Customer loyalty has changed a lot in the last two years.
During the economic and social crisis of the Covid-19 pandemic, consumers went from valuing long-standing relationships with their favourite brands to focusing on price and availability above all else.
According to data from McKinsey, 76 per cent of consumers changed stores, brands or the channel through which they purchased products during 2020 – a figure that shows in stark relief what a massive change the pandemic brought upon the retail industry.
However, after a period of uncertainty, the market is beginning to settle. Customers have settled into the new way of doing things and, with restrictions easing and freedoms returning, are beginning to look to their favourite brands once again.
What they want now, more than ever before, is a truly personal shopping experience.
Simplus Australia’s retail senior accounts executive Carlos Bravo believes that, throughout the pandemic, the capture of first-party data has become an invaluable tool for retailers.
“Customers are now expecting that suppliers, providers and retailers will know who they are and what they buy, and will use that information to personalise the shopping experience,” Bravo said.
“I think businesses are beginning to see that the fight for the customer is no longer around price, it’s around understanding them.”
Personalising a customer’s offer isn’t only useful to them – according to data from McKinsey, providing a personalised offer to customers also tends to boost revenue and retention rates by up to 15 per cent, is up to 30 per cent more efficient marketing, and increases customer acquisition rates by 3-5 per cent.
The onus is on retailers, according to Bravo, to put customers at the centre of everything they do, and to capture, analyse and operationalise data to drive personalised experiences with their loyal customers.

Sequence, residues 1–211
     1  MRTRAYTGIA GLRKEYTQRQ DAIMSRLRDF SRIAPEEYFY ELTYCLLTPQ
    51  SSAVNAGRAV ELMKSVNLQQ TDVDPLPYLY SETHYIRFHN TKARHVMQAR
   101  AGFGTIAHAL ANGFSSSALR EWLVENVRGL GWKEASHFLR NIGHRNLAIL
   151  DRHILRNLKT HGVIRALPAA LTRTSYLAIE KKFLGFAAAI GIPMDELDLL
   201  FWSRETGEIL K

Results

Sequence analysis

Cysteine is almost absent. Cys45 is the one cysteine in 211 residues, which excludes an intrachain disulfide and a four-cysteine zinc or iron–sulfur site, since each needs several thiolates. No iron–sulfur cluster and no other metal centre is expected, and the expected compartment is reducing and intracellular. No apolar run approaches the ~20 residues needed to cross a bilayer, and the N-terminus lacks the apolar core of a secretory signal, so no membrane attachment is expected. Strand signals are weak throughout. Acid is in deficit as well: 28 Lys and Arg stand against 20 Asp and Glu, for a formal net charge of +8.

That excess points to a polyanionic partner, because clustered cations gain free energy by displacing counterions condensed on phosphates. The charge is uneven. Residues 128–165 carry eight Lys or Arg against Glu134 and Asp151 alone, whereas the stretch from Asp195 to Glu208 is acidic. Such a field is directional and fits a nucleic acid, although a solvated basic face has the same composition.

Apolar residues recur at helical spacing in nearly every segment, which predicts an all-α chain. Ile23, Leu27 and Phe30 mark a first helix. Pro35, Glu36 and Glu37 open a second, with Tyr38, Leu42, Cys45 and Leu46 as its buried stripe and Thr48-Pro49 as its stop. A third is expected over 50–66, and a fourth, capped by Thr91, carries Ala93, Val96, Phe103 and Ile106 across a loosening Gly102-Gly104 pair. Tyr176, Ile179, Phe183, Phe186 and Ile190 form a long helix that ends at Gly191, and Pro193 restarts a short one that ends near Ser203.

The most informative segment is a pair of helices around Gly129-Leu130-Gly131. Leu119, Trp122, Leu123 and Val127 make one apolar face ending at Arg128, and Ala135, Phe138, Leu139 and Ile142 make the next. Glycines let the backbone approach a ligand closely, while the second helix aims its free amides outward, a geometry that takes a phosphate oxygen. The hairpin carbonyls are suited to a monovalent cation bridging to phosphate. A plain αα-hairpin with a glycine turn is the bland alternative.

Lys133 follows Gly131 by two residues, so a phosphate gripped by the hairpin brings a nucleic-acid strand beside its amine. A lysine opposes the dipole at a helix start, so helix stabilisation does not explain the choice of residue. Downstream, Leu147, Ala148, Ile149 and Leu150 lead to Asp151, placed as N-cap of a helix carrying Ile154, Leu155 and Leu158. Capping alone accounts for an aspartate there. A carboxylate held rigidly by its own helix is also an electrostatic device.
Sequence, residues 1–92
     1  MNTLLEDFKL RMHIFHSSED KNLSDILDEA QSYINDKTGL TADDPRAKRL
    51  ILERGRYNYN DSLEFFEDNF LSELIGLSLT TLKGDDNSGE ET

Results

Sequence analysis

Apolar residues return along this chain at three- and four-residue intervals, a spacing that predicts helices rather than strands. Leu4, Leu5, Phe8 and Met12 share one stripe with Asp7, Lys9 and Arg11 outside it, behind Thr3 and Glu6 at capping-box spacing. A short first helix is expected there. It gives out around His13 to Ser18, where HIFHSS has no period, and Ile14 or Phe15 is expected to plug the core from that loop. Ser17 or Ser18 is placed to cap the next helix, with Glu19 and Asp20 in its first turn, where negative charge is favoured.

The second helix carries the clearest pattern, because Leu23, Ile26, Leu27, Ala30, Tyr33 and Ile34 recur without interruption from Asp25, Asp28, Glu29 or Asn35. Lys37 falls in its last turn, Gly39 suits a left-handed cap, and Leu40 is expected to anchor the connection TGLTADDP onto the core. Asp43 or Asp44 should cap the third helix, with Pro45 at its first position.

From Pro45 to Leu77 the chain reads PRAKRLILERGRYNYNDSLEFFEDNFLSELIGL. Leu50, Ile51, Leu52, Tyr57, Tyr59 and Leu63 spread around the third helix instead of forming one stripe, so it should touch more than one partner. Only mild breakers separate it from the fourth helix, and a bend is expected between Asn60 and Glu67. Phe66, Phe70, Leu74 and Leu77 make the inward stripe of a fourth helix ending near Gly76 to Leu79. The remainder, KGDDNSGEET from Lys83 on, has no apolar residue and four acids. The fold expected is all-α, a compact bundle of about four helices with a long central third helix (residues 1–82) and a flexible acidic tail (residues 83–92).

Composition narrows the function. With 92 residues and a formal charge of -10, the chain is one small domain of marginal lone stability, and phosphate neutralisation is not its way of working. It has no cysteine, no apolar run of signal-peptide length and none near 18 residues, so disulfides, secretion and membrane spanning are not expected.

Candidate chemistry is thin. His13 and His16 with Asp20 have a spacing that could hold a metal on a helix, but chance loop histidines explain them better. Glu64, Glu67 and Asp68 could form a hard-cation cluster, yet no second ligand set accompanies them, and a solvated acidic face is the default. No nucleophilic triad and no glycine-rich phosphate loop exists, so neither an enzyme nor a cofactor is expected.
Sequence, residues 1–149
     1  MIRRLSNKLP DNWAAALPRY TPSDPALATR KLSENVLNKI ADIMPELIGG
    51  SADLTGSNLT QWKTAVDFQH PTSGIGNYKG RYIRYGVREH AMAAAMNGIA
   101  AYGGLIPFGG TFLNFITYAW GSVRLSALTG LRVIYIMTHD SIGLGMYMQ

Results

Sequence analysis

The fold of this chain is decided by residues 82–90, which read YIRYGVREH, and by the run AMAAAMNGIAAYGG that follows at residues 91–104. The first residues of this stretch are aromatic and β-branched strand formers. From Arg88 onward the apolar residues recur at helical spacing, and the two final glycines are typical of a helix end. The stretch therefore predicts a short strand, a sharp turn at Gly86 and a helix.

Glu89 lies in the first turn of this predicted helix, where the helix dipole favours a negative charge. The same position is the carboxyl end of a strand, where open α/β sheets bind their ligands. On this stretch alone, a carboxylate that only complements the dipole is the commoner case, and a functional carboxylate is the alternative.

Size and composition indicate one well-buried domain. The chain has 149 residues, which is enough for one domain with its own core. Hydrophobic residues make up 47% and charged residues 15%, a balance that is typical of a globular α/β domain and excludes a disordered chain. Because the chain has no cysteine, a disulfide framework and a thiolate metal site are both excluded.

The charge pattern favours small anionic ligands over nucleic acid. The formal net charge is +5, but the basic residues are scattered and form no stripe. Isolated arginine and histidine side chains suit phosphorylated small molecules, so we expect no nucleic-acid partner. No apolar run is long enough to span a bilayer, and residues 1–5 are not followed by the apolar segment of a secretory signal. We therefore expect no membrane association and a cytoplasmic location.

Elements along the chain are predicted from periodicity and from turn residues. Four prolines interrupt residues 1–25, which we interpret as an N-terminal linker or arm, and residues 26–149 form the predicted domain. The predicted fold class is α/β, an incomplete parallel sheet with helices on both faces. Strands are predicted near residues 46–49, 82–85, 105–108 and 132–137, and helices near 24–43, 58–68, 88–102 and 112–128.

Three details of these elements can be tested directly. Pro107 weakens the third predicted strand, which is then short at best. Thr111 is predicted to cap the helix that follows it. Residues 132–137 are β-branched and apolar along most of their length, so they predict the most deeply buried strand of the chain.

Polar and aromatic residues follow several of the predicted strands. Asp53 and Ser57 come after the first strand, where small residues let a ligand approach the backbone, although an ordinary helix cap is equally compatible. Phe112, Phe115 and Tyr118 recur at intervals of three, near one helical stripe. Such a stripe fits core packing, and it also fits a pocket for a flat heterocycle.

This shouldn’t come as much of a surprise, however. Data from McKinsey shows while 100 per cent of top-quartile retailers said omnichannel personalisation is a top-five priority, only 15 per cent have fully implemented systems to make it work.
And, according to Infosys’ country manager of consumer, retail and logistics Maloy Patnaik, the easiest and most cost effective way to begin personalising your offer based on customer data from existing channels is by leveraging a customer relationship management software, such as Salesforce.
“Retailers already have access to a lot of their customers’ information, but they aren’t able to use it effectively,” Patnaik said.
“What we can do [using Salesforce] is bring a customer’s information in, and essentially create a customer genome.
“That genome is essentially all the information [the retailer] needs to understand about their customer, and allows very personalised campaigns and targeted offers to be sent.”
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